This is the standard way in which powerful countries impose FTAs, knowing full well that the businesses in the poorer countries can’t compete on a level playing field, in order to provide their own companies with the opportunity to crush competitors in other nations and seize a share of the market for themselves. Further, once the domestic industries have been sufficiently crushed, and thus opposition to US agribusiness, for example, is too weak to seriously compete, American corporations can ratchet up the prices of US goods and services with total impunity in order to further increase the profits they can generate, and consumers in, say, Mexico have little they can do about it other than suffer and complain in dismal neglect. This is because FTAs typically include rules that states can’t intervene to control prices, usually argued under the cynical guise of fairness by not interfering with ‘free trade’ and the ‘laws of the free market’, which means that the much more powerful American businesses and corporations can’t be held to account (Baker, 2006; Chang, 2009). Thus, FTAs are designed to take advantage of the fact that industries in powerful countries tend to be too much for industries in poorer countries to compete with, and therefore devise rules which seem fair on the level of propaganda, but in reality automatically give a deep advantage to wealthy countries and their better-developed, more mature domestic industries. NAFTA is an example involving the US, but the same is true for any powerful state which imposes FTAs on weaker nations.

You might ask why Mexico would possibly accept such a deal if it was going to have such detrimental consequences. The answer is simple – it doesn’t have much of a choice. Especially in situations like Mexico and the US, where a poorer country depends on trade with, and aid from, a wealthier one, the fact is that weak countries aren’t in much of a position to dictate the terms of trade, and must accept deals that they know are unfair. As Thucydides said roughly 2,500 years ago, “the strong do what they can and the weak suffer what they must.” Clearly, the reality of power hasn’t changed much, and what is true for Mexico and the US with NAFTA is essentially true for powerful and weak nations in general. That covers the two objectives that truly lie at the heart of FTAs and how they are meant to achieve them. The next section explains what drives governments to pursue this agenda.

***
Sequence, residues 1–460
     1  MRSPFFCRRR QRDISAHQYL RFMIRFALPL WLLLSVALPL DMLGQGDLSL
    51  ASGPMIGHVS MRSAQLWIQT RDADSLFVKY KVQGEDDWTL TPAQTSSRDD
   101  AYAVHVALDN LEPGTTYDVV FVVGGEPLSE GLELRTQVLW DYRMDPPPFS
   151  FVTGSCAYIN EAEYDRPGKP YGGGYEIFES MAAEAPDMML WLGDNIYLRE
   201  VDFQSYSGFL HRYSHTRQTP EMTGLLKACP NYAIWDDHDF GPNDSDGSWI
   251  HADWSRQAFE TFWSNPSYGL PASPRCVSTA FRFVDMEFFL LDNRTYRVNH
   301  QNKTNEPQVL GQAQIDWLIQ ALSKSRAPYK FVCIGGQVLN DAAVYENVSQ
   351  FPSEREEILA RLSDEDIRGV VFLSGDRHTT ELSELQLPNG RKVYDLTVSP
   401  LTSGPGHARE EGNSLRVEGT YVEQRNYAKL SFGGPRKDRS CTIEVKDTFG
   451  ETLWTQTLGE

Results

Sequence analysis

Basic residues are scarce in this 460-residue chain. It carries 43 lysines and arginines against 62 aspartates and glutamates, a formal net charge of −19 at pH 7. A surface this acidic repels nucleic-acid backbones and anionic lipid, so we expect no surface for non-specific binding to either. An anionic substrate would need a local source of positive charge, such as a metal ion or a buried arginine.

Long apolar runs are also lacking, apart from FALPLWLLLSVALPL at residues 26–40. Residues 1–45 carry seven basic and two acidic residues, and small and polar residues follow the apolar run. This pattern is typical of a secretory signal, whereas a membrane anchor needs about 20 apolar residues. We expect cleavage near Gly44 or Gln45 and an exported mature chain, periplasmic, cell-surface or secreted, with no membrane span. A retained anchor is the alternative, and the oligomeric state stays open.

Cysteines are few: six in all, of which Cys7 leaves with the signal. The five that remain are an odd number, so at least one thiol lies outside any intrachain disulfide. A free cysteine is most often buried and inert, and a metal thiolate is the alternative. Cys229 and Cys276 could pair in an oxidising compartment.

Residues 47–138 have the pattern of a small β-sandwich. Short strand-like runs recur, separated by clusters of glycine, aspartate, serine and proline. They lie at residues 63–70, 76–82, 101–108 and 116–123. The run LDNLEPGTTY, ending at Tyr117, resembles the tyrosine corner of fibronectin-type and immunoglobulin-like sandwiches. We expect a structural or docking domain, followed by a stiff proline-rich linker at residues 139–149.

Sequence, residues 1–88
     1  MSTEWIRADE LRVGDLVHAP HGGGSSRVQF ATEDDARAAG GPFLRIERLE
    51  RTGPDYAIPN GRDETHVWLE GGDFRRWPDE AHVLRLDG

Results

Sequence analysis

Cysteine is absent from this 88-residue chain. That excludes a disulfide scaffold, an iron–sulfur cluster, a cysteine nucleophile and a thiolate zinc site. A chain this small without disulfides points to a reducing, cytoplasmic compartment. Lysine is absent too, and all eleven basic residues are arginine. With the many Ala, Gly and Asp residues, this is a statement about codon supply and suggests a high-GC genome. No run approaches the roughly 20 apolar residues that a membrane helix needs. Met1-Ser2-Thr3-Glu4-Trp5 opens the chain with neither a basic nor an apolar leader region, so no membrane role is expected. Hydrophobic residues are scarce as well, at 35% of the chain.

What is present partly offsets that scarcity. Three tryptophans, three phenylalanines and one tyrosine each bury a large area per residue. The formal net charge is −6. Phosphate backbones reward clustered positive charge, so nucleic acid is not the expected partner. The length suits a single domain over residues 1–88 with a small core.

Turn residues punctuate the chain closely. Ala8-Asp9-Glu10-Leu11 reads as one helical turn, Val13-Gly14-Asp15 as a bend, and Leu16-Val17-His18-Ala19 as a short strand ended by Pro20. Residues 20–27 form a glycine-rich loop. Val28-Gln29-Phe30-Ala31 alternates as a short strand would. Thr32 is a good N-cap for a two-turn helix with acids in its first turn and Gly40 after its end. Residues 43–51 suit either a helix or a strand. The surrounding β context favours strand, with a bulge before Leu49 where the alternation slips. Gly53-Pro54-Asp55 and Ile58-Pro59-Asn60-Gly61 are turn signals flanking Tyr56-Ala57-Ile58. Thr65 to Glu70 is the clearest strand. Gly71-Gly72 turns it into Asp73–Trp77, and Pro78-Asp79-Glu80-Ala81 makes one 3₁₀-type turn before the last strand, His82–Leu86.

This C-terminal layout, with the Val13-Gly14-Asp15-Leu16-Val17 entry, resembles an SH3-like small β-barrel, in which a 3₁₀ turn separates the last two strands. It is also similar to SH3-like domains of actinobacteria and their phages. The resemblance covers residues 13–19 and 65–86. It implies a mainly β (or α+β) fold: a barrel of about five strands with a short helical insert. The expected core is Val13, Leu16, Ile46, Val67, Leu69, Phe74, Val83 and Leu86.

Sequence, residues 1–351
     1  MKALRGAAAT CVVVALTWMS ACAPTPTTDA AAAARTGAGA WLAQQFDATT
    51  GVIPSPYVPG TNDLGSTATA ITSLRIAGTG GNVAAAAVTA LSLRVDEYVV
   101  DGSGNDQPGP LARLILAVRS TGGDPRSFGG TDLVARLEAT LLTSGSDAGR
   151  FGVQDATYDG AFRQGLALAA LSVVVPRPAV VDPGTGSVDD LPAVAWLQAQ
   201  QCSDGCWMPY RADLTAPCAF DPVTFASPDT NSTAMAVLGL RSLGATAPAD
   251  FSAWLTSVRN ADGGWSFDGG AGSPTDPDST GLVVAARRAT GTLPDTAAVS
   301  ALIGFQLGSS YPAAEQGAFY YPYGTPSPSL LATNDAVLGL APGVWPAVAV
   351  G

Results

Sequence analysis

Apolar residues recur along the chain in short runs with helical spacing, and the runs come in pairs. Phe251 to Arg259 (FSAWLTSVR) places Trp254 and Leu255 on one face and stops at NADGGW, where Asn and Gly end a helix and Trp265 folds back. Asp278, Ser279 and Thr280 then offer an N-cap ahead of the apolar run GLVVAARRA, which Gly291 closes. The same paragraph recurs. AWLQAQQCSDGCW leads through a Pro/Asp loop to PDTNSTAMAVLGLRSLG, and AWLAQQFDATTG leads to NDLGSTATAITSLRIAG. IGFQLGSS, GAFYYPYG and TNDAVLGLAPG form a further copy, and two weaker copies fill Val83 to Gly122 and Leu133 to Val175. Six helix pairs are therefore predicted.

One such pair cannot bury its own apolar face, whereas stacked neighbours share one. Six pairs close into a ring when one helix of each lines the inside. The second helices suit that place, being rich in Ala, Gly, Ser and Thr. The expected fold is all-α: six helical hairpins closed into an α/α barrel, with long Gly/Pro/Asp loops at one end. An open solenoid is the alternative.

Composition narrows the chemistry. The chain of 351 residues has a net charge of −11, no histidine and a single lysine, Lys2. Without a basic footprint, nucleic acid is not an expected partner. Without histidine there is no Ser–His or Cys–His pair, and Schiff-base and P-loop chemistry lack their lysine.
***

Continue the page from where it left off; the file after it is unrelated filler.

Why do governments make FTAs and lie about their actual goals?

The answer to this is simple, and was even touched on briefly above. In any political system like ours, where political parties depend on capital to survive, the greatest amount of political influence is automatically given to the people who have the greatest access to and control over capital. In the past, this would have meant monarchies and the aristocracy more generally. At present, this means wealthy and powerful elites, typically prominent and influential members of the business community. The mechanisms by which they shape and influence government policies is a longer and more complicated discussion than we’ll get into at present. For now, however, it’s enough to point out that, due to the fact that the wealthy are expected to have the most political influence, it’s no surprise that policies such as FTAs, which heavily favour the rich and undermine everyone else, particularly the poor, are enthusiastically pursued in Australia by both the Coalition and the ALP, despite the known and easily-predicted negative consequences they’ll bring upon everyone except the rich.